Since I wrote my last "It's a Scorcher" posting, the weather has taken a dramatic turn and seemed to have rushed head-long into autumn, despite it still being August. Over the last seven days we have had two Atlantic storms come rushing in, both the subject of now giving them silly names, in this case Storm Ellen and now, Storm Francis. In the old days we were simply told to expect some stormy weather, which in autumn was normally par for the course, but now they have to be hyped up with name calling, presumably to make them sound more dramatic.
At the onset of Storm Francis yesterday morning, we had 4-5 hours of decent and much needed rain for the parched countryside round here. However, as seems to happen every time at the moment, immediately the rain stopped the afternoon became one of warm sunshine and severe gales - the result being much evaporation of that rain again.
Anyway, enough of that, what else has been occurring, well not a lot to be honest, thanks to the parched conditions, bird-life on the marshes and the reserve here, has been somewhat at a premium. Until that is, last Friday. I was walking across the reserve early in the morning, a tad bored because parched grass and almost dry ditches create very little interest to look at, when a different coloured heron, fast disappearing into a ditch, caught my eye. I slowly walked along the ditch until up sprung the heron in front of me. Yes, certainly a heron species and certainly different. It had a long and heavy, bright yellow bill and was basically a combination of light and brown colours with an almost gingery effect. It was also slightly slimmer and smaller than the normal Grey Heron. Although I'd never seen one before I had a fairly good idea what it was and went home to consult my bird books.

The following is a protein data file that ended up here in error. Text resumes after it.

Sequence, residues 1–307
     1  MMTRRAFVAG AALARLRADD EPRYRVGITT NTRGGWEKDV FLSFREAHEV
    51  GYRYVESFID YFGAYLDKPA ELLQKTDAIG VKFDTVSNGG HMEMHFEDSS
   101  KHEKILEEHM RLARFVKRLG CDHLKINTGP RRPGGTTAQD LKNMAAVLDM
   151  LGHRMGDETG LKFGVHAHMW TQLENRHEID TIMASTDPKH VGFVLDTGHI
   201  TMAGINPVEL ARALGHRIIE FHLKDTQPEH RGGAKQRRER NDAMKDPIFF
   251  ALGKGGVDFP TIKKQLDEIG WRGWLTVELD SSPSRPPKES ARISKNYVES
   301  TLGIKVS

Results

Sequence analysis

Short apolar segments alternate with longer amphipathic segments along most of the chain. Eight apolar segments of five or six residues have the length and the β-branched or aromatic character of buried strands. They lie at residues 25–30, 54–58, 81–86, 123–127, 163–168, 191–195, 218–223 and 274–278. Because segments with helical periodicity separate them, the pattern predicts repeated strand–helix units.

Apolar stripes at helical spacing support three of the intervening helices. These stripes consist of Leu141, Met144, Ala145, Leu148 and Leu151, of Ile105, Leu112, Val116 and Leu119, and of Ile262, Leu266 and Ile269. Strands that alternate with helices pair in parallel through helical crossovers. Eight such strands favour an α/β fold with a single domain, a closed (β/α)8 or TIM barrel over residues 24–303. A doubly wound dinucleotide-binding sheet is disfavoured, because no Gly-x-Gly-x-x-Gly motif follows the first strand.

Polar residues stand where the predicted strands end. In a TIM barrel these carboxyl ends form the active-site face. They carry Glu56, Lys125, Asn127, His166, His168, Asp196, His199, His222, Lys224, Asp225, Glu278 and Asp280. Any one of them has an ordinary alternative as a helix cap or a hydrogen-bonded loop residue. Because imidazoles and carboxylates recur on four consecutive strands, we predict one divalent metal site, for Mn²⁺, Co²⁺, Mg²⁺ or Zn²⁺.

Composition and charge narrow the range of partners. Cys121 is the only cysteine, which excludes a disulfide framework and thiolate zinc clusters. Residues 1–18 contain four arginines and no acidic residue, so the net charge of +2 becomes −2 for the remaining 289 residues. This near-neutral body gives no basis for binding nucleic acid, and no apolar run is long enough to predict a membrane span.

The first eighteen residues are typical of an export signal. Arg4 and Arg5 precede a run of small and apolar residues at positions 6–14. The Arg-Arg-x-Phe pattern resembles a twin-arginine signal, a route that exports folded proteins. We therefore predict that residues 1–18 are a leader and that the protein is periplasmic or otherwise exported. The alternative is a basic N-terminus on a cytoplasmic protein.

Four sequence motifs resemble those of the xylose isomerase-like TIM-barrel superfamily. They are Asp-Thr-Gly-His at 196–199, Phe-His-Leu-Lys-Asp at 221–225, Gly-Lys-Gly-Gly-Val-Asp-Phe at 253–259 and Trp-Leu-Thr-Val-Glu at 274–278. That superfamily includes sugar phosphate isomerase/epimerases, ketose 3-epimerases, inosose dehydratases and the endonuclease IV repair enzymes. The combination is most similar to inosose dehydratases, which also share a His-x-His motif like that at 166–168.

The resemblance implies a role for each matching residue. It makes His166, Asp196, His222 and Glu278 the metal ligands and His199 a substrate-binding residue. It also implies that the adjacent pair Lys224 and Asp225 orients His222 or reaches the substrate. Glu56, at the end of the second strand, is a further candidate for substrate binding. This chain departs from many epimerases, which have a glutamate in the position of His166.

The next morning I walked along the same ditch and up it popped again to confirm what I suspected, it was a juvenile Purple Heron, an uncommon to almost rare bird in this country. Since then it has remained on the reserve.
In anticipation of the rain that was due yesterday and did briefly appear, the farmer next door to the reserve was out a couple of days ago, sowing the wheat stubble with rape seed for next years crop. Driving across the marsh this morning it was clear that germination of the seed would take a while yet, the fields were dust dry and unless you live round here, it's hard to explain to people just how much rain we need to bring things back to normal.
The next main event in the reserve calendar occurs early morning next Tuesday 1st September, when the new wildfowling season begins. Before dawn on Tuesday wildfowlers will be in position the other side of the reserve sea wall, eagerly hoping for the chance to shoot any goose or duck that might fly over the sea wall towards them. I will be there at first light to watch events and to have a chat with them afterwards.